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Obama & Fed Contractors Cut Emissions Today

Today, President Obama has once again set an example for corporate America by formally issuing an executive order that will cut the government’s greenhouse gas emissions by 40% (from 2008 levels) over the next decade. The order also specifies increasing the share of electricity the government consumes from renewable sources to 30%. The move is expected to save taxpayers up to $18 billion annually in future energy costs.

President Obama ( photo)

President Obama (file photo,

Since the government uses more energy than any other single large consumer in the nation, the commitment to cut emissions will have important immediate as well as ripple effects. The Obama administration is also hosting a roundtable today of companies that each have more than $1 billion per year in federal contracts. At this meeting, participants are discussing GHG reduction targets and/or making first-ever corporate commitments to disclose emissions and set new target levels for reductions.

Among the corporations involved:

  • IBM, one of the world’s largest providers of IT services and solutions,
  • GE, a global infrastructure and finance company,
  • Honeywell, a global technology and manufacturing company,
  • SRA International, a provider of IT solutions and professional services to government organizations,
  • Humana Inc., a health and well-being company,
  • CSC, a next-generation information technology services and solutions provider,
  • AECOM, a global infrastructure design, build, finance and operating services firm,
  • Science Applications International Corporation (SAIC), a technology integrator for government and select commercial customers,
  • HP, one of the world’s largest providers of information technology infrastructure, software, services, and solutions,
  • Northrop Grumman Corporation, a global security company,
  • United Technologies Corporation (UTC), a global aerospace and commercial building industries company,
  • CH2M Hill, an employee-owned global consulting firm,
  • ADS Inc., one of the largest providers of operational equipment, procurement, and logistics solutions to the Department of Defense and various Federal agencies, and
  • Battelle, a leading nonprofit research and development organization.

The combined results of actions taken today by government and private business are expected to cut emissions by 26 million metric tons (from 2008 levels) by 2025 (equivalent to taking nearly 5.5 million cars off the road for a year).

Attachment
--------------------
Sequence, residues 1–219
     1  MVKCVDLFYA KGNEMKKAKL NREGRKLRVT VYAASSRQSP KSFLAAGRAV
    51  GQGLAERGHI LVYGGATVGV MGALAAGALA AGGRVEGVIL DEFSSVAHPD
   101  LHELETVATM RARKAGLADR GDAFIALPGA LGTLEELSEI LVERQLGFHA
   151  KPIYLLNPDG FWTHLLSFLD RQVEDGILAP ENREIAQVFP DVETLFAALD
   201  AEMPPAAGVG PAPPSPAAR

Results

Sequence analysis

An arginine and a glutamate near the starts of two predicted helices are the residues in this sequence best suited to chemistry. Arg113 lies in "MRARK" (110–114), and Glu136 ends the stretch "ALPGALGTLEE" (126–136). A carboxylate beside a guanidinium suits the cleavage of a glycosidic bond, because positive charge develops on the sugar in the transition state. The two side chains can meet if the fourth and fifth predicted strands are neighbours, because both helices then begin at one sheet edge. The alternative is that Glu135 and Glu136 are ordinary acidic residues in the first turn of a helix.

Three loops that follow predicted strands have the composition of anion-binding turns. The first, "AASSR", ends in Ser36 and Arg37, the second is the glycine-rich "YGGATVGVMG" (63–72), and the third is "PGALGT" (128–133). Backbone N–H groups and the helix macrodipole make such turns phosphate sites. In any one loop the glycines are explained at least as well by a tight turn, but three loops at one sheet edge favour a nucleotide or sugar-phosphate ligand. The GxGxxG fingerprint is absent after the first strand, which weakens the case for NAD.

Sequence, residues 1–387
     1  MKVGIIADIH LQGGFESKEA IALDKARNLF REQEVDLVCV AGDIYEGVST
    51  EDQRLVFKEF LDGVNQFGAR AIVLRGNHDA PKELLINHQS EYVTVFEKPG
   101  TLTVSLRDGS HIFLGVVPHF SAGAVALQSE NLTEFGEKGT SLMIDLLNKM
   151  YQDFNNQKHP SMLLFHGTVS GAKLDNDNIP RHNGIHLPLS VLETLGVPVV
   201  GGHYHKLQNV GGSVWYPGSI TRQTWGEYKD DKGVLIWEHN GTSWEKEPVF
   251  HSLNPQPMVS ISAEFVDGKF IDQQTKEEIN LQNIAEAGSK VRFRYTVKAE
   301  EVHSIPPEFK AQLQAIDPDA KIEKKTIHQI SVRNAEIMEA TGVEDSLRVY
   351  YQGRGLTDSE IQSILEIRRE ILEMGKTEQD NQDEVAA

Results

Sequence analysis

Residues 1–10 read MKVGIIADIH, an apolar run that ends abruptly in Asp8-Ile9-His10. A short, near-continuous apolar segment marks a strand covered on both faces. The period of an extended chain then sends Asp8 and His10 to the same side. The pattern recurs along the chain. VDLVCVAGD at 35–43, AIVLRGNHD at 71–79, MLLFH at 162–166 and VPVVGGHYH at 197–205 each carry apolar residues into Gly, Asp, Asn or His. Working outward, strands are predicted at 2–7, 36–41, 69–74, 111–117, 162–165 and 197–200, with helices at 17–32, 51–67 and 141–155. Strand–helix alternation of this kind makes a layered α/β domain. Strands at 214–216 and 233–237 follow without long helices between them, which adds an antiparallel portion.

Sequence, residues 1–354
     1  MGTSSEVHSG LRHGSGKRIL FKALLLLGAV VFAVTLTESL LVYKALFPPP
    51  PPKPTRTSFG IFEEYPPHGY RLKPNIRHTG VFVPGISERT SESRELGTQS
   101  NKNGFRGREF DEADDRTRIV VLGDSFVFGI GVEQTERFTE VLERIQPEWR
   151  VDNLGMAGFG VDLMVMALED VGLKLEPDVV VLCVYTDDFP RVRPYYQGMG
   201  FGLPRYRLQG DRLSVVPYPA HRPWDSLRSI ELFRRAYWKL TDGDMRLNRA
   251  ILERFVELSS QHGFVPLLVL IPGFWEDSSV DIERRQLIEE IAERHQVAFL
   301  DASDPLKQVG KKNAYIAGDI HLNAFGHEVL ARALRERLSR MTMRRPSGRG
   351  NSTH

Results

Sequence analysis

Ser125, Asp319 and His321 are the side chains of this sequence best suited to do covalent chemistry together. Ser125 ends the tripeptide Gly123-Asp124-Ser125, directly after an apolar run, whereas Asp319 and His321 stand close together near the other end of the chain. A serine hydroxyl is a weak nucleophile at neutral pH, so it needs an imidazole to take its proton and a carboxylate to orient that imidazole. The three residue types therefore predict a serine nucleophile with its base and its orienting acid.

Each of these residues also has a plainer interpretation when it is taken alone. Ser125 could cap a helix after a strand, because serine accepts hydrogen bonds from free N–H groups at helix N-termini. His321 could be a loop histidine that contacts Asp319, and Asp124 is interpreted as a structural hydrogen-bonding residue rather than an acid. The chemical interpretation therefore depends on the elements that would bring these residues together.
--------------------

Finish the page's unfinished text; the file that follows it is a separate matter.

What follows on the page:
Federal supplier greenhouse gas management scorecard ( executive branch has put some muscle behind its business dealings by releasing a scorecard that will publicly track self-reported emissions disclosures and progress achieved by all federal suppliers within the $1 billion-plus category. The scorecard statistics are current as of March 10, 2015. These companies together represent more than 40% ($187 billion) of all federal contracting.

Since the government is far and away the single largest consumer of energy in the nation, federal emissions reductions and progress across the supply chain will have broad impacts, immediately encompassing 360,000 buildings, 650,000 fleet vehicles, and $445 billion spent annually on goods and services.

As well as cutting emissions and increasing use of renewables, the executive order directs federal agencies to achieve these specific goals:

  • Ensure that 25% of their total energy (electric and thermal) comes from clean energy sources by 2025.
  • Reduce energy use in federal buildings by 2.5% per year between 2015 and 2025.
  • Reduce per-mile greenhouse gas emissions from federal fleets by 30% (from 2014 levels) by 2025.
  • Increase the percentage of zero emission and plug-in hybrid vehicles in federal fleets.
  • Reduce water intensity in federal buildings by 2% per year through 2025.

The actions the President and corporate leaders are taking today further buttress the international commitment Obama made last fall to cut emissions when he met with Xi-Jinping, China’s president. This pledge was confirmed by both the official US representative and Secretary of State John Kerry in December’s UN talks at Lima. This benchmark involves cutting net US GHG emissions 26–28% (below 2005 levels) by 2025. It also builds on six years of administration and Cabinet-level commitment to environmental, energy, and economic performance, including increasing the share of renewable energy consumption to 9%.

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Written By

covers environmental, health, renewable and conventional energy, and climate change news. She's currently on the climate beat for Important Media, having attended last year's COP20 in Lima Peru. Sandy has also worked for groundbreaking environmental consultants and a Fortune 100 health care firm. She writes for several weblogs and attributes her modest success to an "indelible habit of poking around to satisfy my own curiosity."


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